The uphill route from Medicine Tail Coulee over to Deep Coulee and up the ridge toward Custer Hill would have been about a mile and a half or a little more. Red Horse would later say that Custer’s troops “made five different stands.” In each case, combat began and ended in about ten minutes. Think of it as a running fight, as the survivors of each separate clash made their way along the backbone toward Custer at the end; in effect the command collapsed back in on itself. As described by the Indians, this phase of the battle began with the scattering of shots near Minneconjou Ford, unfolding then in brief, devastating clashes at Calhoun Ridge, Calhoun Hill and the Keogh site, climaxing in the killing of Custer and his entourage on Custer Hill and ending with the pursuit and killing of about 30 soldiers who raced on foot from Custer Hill toward the river down a deep ravine.

Back at Reno Hill, just over four miles to the south, the soldiers preparing their defenses heard three episodes of heavy firing—one at 4:25 in the afternoon, about ten minutes after Custer’s soldiers turned back from their approach to Minneconjou Ford; a second about 30 minutes later; and a final burst about 15 minutes after that, dying off before 5:15. Distances were great, but the air was still, and the .45/55 caliber round of the cavalry carbine made a thunderous boom.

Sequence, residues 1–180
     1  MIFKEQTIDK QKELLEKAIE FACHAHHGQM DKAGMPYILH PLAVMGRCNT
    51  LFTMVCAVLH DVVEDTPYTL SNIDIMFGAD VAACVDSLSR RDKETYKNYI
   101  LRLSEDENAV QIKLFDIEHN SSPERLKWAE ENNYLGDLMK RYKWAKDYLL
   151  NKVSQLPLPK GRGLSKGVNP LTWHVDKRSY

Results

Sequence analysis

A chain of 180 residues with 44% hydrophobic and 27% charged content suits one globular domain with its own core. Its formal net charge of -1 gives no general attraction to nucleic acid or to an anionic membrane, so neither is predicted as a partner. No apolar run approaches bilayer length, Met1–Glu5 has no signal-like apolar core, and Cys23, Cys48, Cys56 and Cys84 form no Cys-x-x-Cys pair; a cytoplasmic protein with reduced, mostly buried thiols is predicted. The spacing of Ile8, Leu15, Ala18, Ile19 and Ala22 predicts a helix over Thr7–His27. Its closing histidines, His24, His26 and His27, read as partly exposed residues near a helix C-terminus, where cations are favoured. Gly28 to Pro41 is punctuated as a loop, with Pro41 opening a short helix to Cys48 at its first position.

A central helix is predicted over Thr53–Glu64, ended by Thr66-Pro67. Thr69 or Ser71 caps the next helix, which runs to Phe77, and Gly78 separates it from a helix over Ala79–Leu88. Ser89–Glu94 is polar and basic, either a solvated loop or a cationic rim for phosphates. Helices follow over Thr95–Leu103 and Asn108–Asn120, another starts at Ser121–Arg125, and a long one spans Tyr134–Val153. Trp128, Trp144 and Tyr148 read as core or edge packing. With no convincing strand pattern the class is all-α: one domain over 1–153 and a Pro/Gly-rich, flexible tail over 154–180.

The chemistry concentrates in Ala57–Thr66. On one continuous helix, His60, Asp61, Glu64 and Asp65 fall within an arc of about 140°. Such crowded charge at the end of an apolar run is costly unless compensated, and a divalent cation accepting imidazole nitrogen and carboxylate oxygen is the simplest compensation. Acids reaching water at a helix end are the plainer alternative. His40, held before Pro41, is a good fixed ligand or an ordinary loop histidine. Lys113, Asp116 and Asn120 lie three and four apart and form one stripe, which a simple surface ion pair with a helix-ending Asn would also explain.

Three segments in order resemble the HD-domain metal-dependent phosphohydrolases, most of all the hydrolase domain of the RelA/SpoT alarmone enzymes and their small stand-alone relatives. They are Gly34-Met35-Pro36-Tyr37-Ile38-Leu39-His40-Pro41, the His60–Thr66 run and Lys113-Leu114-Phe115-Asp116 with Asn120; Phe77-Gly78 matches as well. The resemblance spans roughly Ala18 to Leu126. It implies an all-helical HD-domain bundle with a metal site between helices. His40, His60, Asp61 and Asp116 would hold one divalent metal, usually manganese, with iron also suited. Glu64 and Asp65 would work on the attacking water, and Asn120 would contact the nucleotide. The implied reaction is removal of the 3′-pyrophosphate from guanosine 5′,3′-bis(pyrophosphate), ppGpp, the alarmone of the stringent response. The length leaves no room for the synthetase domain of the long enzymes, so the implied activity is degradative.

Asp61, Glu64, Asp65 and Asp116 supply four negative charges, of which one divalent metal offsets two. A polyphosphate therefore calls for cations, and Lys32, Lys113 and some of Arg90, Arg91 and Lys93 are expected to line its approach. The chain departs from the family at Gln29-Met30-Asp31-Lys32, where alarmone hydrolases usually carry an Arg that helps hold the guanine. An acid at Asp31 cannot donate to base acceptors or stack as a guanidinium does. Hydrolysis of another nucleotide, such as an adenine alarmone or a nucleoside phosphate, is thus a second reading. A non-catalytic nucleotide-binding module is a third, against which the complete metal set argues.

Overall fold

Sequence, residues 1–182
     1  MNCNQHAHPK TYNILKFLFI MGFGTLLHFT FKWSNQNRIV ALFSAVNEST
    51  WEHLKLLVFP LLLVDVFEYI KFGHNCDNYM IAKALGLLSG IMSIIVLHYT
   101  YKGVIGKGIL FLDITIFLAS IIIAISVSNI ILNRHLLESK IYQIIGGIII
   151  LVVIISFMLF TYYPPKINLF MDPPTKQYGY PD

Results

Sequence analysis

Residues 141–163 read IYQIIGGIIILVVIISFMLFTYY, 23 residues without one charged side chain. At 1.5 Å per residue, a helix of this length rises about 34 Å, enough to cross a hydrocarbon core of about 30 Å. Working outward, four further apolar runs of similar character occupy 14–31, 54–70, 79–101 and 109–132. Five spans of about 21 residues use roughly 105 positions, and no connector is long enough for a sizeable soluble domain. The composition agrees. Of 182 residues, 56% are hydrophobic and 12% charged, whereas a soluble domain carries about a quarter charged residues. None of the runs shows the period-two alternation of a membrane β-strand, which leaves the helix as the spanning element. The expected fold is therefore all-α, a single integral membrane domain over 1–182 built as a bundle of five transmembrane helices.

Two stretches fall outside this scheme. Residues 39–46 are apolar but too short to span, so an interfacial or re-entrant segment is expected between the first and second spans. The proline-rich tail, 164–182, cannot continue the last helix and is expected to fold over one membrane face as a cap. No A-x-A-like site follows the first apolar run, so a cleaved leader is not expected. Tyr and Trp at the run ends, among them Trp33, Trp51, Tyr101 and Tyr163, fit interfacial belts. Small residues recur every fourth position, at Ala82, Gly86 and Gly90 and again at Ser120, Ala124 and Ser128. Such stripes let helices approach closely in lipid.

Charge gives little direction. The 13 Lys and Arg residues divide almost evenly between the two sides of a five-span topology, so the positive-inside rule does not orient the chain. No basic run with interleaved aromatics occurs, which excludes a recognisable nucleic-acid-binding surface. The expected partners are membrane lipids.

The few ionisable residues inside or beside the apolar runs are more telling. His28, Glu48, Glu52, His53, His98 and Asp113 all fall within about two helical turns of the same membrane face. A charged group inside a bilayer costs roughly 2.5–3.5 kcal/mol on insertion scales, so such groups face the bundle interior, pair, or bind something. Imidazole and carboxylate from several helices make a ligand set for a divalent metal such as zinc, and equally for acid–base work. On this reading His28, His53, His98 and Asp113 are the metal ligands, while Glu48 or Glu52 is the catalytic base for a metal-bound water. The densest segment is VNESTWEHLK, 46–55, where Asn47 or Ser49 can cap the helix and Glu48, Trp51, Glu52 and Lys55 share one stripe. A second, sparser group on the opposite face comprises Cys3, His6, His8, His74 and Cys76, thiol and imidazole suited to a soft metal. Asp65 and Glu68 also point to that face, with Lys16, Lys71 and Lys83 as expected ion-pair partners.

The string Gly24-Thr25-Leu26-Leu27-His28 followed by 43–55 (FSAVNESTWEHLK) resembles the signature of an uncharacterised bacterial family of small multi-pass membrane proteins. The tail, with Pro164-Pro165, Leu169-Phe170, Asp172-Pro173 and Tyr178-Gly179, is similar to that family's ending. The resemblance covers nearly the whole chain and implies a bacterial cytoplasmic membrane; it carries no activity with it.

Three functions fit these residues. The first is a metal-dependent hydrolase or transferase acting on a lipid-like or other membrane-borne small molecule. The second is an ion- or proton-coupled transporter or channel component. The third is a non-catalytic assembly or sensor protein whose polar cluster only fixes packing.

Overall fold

At 5:25 some of Reno’s officers, who had ridden out with their men toward the shooting, glimpsed from Weir Point a distant hillside swarming with mounted Indians who seemed to be shooting at things on the ground. These Indians were not fighting; more likely they were finishing off the wounded, or just following the Indian custom of putting an extra bullet or arrow into an enemy’s body in a gesture of triumph. Once the fighting began it never died away, the last scattering shots continuing until night fell.

The officers at Weir Point also saw a general movement of Indians—more Indians than any of them had ever encountered before—heading their way. Soon the forward elements of Reno’s command were exchanging fire with them, and the soldiers quickly returned to Reno Hill.

As Custer’s soldiers made their way from the river toward higher ground, the country on three sides was rapidly filling with Indians, in effect pushing as well as following the soldiers uphill. “We chased the soldiers up a long, gradual slope or hill in a direction away from the river and over the ridge where the battle began in good earnest,” said Shave Elk. By the time the soldiers made a stand on “the ridge”—evidently the backbone connecting Calhoun and Custer hills—the Indians had begun to fill the coulees to the south and east. “The officers tried their utmost to keep the soldiers together at this point,” said Red Hawk, “but the horses were unmanageable; they would rear up and fall backward with their riders; some would get away.” Crow King said, “When they saw that they were surrounded they dismounted.” This was cavalry tactics by the book. There was no other way to make a stand or maintain a stout defense. A brief period followed of deliberate fighting on foot.